- Proceedings
- Open Access
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# Seed selection strategy in global network alignment without destroying the entire structures of functional modules

*Proteome Science*
**volume 10**, Article number: S16 (2012)

## Abstract

### Background

Network alignment is one of the most common biological network comparison methods. Aligning protein-protein interaction (PPI) networks of different species is of great important to detect evolutionary conserved pathways or protein complexes across species through the identification of conserved interactions, and to improve our insight into biological systems. Global network alignment (GNA) problem is NP-complete, for which only heuristic methods have been proposed so far. Generally, the current GNA methods fall into global heuristic seed-and-extend approaches. These methods can not get the best overall consistent alignment between networks for the opinionated local seed. Furthermore These methods are lost in maximizing the number of aligned edges between two networks without considering the original structures of functional modules.

### Methods

We present a novel seed selection strategy for global network alignment by constructing the pairs of hub nodes of networks to be aligned into multiple seeds. Beginning from every hub seed and using the membership similarity of nodes to quantify to what extent the nodes can participate in functional modules associated with current seed topologically we align the networks by modules. By this way we can maintain the functional modules are not damaged during the heuristic alignment process. And our method is efficient in resolving the fatal problem of most conventional algorithms that the initialization selected seeds have a direct influence on the alignment result. The similarity measures between network nodes (e.g., proteins) include sequence similarity, centrality similarity, and dynamic membership similarity and our algorithm can be called Multiple Hubs-based Alignment (MHA).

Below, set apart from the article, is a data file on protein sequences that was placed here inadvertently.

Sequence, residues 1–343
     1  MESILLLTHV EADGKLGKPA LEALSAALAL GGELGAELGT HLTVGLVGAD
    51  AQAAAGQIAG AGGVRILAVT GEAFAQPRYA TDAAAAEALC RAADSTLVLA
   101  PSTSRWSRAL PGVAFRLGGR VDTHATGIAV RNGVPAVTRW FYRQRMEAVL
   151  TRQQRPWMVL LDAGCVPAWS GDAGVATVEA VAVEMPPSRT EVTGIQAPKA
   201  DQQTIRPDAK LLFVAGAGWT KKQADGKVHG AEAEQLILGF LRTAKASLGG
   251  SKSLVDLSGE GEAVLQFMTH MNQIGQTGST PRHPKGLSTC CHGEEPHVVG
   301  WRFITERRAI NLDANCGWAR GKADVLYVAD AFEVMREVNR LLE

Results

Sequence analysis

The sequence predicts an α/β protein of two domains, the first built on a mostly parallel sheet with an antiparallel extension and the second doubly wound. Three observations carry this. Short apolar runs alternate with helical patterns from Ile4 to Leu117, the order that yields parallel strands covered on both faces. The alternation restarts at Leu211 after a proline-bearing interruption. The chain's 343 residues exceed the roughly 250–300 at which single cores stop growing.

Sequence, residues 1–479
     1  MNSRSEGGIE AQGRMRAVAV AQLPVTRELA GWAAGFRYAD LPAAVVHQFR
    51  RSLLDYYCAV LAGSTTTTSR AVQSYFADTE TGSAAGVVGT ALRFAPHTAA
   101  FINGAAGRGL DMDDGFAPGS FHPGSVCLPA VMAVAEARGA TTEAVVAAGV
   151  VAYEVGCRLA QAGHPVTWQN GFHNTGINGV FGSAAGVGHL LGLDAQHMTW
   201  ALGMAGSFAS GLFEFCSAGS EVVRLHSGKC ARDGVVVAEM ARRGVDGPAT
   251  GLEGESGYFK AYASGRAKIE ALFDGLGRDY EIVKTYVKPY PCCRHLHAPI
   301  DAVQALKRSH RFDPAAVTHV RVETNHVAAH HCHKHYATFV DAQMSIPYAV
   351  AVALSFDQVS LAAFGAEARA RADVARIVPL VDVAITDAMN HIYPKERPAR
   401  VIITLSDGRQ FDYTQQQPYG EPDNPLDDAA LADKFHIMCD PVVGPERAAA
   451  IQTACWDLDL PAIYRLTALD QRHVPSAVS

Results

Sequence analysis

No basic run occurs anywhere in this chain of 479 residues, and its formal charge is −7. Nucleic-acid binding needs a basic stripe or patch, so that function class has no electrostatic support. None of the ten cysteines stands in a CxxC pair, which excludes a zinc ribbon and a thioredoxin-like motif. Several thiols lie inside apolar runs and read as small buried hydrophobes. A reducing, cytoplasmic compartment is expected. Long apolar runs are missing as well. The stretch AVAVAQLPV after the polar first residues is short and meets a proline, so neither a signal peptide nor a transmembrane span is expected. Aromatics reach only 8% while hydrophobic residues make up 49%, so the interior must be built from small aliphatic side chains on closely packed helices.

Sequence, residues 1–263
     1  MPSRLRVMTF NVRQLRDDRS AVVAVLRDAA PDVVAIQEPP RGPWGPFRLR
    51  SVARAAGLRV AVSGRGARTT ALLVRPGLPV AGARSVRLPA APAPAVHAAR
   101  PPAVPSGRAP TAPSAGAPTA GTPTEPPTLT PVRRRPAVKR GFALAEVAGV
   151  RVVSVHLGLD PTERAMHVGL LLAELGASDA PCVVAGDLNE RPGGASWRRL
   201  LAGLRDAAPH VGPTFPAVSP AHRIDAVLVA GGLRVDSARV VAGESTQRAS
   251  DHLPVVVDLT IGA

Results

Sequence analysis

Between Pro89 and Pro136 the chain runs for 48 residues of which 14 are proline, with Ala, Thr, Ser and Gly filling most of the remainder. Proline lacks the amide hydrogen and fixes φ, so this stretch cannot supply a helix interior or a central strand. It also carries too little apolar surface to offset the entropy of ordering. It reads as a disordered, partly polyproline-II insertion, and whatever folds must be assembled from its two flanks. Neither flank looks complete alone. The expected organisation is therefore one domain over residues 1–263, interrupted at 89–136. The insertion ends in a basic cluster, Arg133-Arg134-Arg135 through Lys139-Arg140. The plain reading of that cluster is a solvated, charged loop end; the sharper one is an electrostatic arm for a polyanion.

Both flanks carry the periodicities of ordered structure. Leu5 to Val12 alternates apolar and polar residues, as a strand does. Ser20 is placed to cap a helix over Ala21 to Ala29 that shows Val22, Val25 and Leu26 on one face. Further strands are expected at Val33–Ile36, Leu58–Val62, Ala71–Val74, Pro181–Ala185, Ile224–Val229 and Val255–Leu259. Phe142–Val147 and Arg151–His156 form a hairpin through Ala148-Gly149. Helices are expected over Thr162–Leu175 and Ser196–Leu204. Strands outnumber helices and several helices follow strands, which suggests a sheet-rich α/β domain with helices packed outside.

### Results

When applying our seed selection strategy to several pairs of real PPI networks, it is observed that our method is working to strike a balance, extending the conserved interactions while maintaining the functional modules unchanged. In the case study, we assess the effectiveness of MHA on the alignment of the yeast and fly PPI networks. Our method outperforms state-of-the-art algorithms at detecting conserved functional modules and retrieves in particular 86% more conserved interactions than IsoRank.

### Conclusions

We believe that our seed selection strategy will lead us to obtain more topologically and biologically similar alignment result. And it can be used as the reference and complement of other heuristic methods to seek more meaningful alignment results.

## Background